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This Is Northern New South Wales

WOODFORD FOLK FESTIVAL: ‘ANTI-SOCIAL’ BEHAVIOUR

In a time and society so vehemently driven by commercialism and consumption, we are so easily blinded to the things that truly matter.

Christmas began before the Christians claimed it, a Pagan celebration of the winter equinox in jubilant thanks that the cold, dark days of winter were finally waning and Spring, warmth, life and light would soon return to the world. 15603081694_122210ef40_o Religious or not, an underlying current of this remains; reunions of families, giving, thinking with the heart, even the drunken revelry are all echoes of time-immemorial tradition.

But it is a rare thing to be able to dwell in this mindset and return to the fundamental message of the Christmas spirit. Gaudy signs and adverts scream at us at every turn, fractious renditions of carols deafen us in artificial-air cocoons of consumerism, even the beautiful message of giving has been corrupted as we’re guilted into giving more, bigger, newer, brighter, emptying our coffers for no other reason than that we are told we should.

The Woodford Folk Festival stands as a totem against the shrink-wrapped falsities of pseudo-Christmas, a sanctuary for the heart and soul and the essence of Christmas, Saturnalia or whatever you choose to call your festive season.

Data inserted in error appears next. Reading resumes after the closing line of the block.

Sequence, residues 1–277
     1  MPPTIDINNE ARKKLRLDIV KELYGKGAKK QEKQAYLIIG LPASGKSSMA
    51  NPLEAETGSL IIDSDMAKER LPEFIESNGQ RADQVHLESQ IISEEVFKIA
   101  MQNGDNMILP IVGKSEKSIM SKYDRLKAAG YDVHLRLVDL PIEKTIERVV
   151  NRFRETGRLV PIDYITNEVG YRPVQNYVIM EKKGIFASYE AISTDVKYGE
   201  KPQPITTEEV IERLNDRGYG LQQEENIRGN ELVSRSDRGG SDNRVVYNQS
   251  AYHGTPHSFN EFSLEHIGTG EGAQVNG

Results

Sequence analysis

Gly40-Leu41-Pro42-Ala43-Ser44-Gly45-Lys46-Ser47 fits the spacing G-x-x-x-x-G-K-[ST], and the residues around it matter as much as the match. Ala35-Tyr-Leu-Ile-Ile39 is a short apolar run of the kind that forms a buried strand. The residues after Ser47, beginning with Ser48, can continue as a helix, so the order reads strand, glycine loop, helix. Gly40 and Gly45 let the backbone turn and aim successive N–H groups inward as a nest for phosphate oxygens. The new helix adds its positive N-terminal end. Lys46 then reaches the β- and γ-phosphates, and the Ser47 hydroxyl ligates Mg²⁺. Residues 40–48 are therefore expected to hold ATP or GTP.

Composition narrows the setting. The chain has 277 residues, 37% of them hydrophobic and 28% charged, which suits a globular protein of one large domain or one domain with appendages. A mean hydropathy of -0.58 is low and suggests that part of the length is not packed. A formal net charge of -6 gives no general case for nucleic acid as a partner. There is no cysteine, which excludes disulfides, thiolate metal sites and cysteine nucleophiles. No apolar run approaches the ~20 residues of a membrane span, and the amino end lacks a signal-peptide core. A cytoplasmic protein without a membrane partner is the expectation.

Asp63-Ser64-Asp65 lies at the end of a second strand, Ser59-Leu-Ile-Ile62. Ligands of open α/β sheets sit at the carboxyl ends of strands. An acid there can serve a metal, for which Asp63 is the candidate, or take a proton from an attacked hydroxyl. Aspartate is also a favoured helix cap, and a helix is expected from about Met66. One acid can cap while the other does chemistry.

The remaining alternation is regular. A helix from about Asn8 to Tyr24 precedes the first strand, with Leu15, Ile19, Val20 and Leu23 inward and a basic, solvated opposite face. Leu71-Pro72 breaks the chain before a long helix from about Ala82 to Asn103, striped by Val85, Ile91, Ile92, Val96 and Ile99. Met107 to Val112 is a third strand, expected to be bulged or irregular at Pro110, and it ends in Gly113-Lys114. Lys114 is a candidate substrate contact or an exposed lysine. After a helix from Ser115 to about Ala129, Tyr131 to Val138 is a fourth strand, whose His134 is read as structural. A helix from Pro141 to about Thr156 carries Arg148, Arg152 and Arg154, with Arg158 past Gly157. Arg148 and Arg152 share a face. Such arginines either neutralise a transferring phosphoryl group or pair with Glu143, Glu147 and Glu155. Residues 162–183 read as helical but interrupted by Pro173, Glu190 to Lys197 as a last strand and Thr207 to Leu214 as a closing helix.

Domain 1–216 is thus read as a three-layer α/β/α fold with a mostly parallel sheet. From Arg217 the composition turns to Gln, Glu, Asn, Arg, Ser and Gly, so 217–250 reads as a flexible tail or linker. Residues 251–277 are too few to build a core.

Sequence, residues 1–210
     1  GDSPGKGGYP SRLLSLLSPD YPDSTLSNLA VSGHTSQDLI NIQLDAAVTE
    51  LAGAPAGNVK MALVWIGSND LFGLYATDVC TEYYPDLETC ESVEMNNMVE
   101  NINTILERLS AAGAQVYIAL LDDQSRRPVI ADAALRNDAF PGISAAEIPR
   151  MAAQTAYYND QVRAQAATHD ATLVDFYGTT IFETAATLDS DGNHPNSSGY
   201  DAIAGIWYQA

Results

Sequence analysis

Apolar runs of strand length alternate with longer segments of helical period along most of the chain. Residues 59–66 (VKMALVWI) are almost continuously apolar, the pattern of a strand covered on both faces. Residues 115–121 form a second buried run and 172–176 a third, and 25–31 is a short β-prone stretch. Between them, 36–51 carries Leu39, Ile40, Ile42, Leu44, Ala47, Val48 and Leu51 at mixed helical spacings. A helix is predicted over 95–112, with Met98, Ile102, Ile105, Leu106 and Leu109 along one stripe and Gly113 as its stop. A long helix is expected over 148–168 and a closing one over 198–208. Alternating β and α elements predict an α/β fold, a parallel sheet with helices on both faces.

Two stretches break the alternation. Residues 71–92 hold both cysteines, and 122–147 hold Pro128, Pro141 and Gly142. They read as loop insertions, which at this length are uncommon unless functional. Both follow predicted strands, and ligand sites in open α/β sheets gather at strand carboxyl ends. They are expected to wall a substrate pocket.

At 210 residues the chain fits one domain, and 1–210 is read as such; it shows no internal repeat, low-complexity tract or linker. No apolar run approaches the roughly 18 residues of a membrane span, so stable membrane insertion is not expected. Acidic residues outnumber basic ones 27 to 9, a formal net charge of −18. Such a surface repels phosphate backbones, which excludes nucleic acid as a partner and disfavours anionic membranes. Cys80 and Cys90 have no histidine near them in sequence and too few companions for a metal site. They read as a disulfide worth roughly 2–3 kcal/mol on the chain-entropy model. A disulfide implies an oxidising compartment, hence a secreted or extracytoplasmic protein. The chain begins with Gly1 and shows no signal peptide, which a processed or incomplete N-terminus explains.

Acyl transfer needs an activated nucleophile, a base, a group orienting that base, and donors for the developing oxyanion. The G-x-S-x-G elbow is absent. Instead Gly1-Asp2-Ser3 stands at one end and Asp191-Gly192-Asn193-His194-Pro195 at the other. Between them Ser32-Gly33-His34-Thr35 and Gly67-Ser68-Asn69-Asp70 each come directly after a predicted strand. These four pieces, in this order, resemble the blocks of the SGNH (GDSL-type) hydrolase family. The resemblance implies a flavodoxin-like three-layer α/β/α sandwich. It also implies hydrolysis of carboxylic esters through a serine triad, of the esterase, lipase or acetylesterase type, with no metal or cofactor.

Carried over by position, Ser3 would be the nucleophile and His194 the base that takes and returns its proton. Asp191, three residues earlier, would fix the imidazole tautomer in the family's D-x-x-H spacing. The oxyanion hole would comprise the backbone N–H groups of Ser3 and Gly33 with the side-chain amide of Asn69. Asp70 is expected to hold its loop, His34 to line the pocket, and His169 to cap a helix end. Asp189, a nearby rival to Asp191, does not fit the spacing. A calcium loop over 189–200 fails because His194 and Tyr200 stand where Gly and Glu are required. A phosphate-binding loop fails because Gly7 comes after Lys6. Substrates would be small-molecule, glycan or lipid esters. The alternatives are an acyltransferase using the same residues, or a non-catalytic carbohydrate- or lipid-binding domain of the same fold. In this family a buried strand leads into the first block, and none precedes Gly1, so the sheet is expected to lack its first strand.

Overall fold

In the hidden glades of Woodfordia you can forget yourself, forget daily chores, in fact, forget the outside world altogether, immersed in the simplicity and honesty of the celebration of the arts. Conformity and commercialism are crucified ceremoniously by liberated free-thinkers, that tangent of society that chooses to no longer be spoon-fed an existence but instead to embrace life in all its manifest glory. 15938083147_b4254cebe9_o Woodford is a societal enema, purging the accumulated silt of another year and reminding us annually of the true importance of a life fulfilled and not endured. Staving off engorged torrents, this year’s festivities endured only sporadic showers, enough to settle the dust and immerse the wooded valley in a short-lived cloud of humidity, but they came as welcome respite from the more challenging periods of sunshine. The crimson canopy of the iconic chai tent offered shade to the sunbaked patrons, the far-reaching limbs of numerous trees offering shelter and a moment’s repose for many. 16140146831_16a40fae75_o But, where the weather may not have been the most amiable, the abundance of entertainment was more than enough to make even the heavens’ most temperamental tantrums more than bearable.